Fight for your right to harvest timber

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Renfrew County officials are expressing continued concern over the province’s decision to extend the amount of land unavailable for forestry by almost 100,000 hectares.


The amendment to the Algonquin Provincial Park Management Plan was presented to the county’s development and property committee at its morning meeting this week by forestry services manager Jeff Muzzi, along with a copy of a letter drafted to Premier Kathleen Wynne and Minister of Natural Resources David Orazietti from the Ontario Forest Industries Association (OFIA).

“Committee will recall that the county responded to the posting of this proposal in 2012,” Muzzi reminded the committee members, “stating the position that any reduction in the availability for harvest land in the park has a negative effect on the forest economy of Renfrew County.”

For Petawawa Mayor Bob Sweet, the announcement smacks of the same preferential treatment that he has seen southern Ontario given by the government stretching back to when he was warden of the county.

“When I was in the warden’s shoes a number of years ago,” he said, “we had meetings right here in this chamber going over (the issue of the logging footprint in the park) and I was told very bluntly by the parks group that I had to understand that the people in southern Ontario needed to have a place to (go for recreation), and they had decided that was Algonquin Park and just to suck it up. I tried to express that they were damaging a huge industry here for a 10-day vacation for someone to come up and play.”

Sweet went on to report that he understood it to be an infinitesimal minority of park visitors that had any complaints at all about logging interfering with their recreational park experience.

“(There were only) 10 complaints out of a million visitors that were related to logging,” he told committee. “Logging is beneficial to the park; it’s not detrimental to the park. It’s sad that we see this reduction of the footprint to satisfy a number of things when there’s really no problem. Really there isn’t a situation there that you could put your finger on. Ten out of one million, and they’re still going ahead and doing this. It’s a sad situation.”

Current Renfrew County Warden Peter Emon told committee that his preferred response would be to voice their concerns directly to the powers that be.

“What I’d like to do is send a letter expressing our disappointment with the whole process,” he said. “Going through the information I had in the past, it didn’t look like this was going forward so this came right out of the blue. Two things need to be addressed: that it’s out of the blue, and then the second thing is the impact, the loss of jobs, the loss of inventory.”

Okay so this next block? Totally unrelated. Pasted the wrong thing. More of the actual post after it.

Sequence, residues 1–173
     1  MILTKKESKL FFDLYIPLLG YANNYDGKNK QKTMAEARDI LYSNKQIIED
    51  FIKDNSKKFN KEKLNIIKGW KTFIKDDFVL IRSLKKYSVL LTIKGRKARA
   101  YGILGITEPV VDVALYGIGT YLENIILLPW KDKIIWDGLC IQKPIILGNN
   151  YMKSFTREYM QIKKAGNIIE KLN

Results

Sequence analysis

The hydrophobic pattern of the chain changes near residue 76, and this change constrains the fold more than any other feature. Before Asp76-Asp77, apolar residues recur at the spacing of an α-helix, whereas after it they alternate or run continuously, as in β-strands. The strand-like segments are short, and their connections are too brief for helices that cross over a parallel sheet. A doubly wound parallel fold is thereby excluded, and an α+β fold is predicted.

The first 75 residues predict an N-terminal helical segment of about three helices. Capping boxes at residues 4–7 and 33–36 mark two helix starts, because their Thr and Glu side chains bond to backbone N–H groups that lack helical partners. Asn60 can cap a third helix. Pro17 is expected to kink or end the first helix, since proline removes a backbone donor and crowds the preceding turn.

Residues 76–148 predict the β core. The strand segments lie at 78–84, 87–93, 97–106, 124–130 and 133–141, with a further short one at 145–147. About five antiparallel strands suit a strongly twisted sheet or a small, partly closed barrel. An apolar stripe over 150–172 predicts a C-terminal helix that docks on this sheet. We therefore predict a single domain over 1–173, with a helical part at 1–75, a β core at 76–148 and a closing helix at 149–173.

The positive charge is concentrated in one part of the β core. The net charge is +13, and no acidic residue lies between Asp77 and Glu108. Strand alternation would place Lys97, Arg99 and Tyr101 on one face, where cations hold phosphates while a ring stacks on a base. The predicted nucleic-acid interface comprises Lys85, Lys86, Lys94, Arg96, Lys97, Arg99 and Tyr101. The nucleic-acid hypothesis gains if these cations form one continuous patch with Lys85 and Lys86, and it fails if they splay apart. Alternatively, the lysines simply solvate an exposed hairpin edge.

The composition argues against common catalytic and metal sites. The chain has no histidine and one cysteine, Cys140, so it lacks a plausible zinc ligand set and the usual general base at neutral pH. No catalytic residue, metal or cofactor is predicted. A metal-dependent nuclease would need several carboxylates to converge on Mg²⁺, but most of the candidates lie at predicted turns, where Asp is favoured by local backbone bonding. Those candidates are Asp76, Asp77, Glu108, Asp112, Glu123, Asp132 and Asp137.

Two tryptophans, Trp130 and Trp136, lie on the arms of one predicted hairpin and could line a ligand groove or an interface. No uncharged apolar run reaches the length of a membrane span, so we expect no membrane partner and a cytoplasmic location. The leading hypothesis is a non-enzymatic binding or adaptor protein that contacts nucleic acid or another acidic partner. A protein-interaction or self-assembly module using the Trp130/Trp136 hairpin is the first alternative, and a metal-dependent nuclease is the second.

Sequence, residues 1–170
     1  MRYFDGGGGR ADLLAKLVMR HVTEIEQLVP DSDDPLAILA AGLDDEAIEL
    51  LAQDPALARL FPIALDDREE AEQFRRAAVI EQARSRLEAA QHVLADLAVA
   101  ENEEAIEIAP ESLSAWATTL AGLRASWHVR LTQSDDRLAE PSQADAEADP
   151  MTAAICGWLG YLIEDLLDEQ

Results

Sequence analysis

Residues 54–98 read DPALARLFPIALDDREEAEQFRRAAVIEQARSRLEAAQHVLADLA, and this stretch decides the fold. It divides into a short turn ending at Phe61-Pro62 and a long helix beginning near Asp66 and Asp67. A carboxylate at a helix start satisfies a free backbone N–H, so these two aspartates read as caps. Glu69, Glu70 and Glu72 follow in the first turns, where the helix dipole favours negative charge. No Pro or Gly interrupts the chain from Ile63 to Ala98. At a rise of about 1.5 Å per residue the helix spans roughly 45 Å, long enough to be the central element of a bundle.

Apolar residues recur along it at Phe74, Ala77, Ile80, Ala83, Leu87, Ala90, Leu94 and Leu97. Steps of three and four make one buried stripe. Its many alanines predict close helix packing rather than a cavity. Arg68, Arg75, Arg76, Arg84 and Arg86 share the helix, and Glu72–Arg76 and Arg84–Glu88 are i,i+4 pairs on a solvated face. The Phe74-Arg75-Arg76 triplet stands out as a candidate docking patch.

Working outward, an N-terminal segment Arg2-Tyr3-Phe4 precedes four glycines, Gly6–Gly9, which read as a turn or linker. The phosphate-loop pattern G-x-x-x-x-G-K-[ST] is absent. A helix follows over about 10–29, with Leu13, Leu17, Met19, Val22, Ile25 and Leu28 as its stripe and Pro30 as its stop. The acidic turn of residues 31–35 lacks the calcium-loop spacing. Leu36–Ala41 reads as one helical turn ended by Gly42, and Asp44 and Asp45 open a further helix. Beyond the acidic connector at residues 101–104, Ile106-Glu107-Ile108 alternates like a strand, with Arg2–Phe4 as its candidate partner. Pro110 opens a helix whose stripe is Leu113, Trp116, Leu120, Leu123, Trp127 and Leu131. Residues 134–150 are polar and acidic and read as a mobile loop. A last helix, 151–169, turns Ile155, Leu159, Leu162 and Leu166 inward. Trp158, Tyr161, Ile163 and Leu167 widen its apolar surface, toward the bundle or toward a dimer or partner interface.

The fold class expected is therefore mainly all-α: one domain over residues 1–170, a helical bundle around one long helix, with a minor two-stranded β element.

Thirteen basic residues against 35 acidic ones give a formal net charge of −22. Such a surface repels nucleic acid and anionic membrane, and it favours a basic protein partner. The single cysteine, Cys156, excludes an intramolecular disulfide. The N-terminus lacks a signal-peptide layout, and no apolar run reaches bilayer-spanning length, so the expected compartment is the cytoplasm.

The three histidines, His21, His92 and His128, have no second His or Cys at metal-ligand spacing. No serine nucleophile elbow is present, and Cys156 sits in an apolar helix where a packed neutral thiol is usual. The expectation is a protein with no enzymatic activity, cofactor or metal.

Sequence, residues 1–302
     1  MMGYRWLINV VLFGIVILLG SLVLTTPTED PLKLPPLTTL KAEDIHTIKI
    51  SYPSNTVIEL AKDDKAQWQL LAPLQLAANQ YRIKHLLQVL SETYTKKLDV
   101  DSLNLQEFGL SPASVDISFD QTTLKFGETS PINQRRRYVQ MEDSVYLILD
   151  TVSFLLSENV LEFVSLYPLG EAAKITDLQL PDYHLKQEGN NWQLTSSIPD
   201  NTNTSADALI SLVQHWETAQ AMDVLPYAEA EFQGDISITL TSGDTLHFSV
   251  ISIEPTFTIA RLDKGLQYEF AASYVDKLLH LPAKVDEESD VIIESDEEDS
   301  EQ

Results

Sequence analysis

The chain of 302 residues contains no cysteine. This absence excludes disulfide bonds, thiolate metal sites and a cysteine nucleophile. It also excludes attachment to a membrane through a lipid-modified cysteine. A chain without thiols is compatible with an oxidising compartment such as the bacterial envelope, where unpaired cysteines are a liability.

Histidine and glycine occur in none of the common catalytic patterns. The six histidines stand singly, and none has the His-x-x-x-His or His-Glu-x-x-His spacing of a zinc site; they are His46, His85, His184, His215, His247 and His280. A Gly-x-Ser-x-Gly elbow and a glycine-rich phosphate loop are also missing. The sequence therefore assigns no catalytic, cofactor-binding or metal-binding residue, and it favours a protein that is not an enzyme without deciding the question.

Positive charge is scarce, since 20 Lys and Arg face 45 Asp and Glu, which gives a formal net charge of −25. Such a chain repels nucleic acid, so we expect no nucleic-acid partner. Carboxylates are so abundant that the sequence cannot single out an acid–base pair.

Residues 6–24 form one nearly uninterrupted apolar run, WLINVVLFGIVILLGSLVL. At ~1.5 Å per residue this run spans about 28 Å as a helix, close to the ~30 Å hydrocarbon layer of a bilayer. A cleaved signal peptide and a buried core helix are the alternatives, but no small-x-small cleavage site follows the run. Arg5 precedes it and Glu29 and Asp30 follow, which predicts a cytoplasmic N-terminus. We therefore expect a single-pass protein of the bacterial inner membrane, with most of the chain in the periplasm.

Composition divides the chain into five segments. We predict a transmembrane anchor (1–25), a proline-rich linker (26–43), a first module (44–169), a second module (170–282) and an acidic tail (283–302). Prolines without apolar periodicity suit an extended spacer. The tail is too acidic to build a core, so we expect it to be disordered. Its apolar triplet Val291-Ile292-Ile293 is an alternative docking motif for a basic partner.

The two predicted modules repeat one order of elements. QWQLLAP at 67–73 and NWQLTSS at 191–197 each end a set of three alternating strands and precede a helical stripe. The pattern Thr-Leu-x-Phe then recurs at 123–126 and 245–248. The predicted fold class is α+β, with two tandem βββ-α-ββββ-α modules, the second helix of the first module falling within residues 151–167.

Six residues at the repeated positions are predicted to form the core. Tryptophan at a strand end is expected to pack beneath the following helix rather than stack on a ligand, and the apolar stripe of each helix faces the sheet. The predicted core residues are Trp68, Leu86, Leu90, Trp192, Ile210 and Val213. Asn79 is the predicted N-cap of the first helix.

Part of Emon’s wish is to try to highlight some of the underappreciated benefits that responsible, sustainable logging brings to a place like Algonquin Park.

“Also,” he continued, “I think one of the beneficial side effects of logging is that it opens up the area in the event that there’s a forest fire. If they don’t log it’s going to be too dense and there are going to be other issues around that. You can’t access it. Those logging roads are also used by people who are using the park for recreation. So if we could just highlight those things again and then just keep hammering away at it. I’m not sure there’s going to be any quick change to this.”

According to the OFIA letter, the province is either misinformed or wilfully ignorant of the level of impact that this reduction will have on the forestry industry.

“When MNR suggests that harvest levels under this amendment will be maintained at historical levels,” the letter reads, “they are using harvest levels from the recent recession years. Considering Ontario’s forest sector is already beginning to see signs of a positive rebound (new investment, etc) it is hard to believe that the Government of Ontario would support policy that limits the economic future of a region to recession harvest levels.”

Renfrew-Nipissing-Pembroke MPP John Yakabuski sees still darker clouds on the horizon.

In a recent column in The Daily Observer, Yakabuski prognosticated, “now that the environmental lobbyists have succeeded in having the available area reduced, they will aim for their ultimate goal. Make no mistake folks, that goal is an outright, total ban on logging in Algonquin Park. Should they ever achieve this, it would spell disaster for our environmentally sustainable way of life here in Renfrew-Nipissing-Pembroke.”

Ryan Paulsen is a Daily Observer multimedia journalist

Twitter @PRyanPaulsen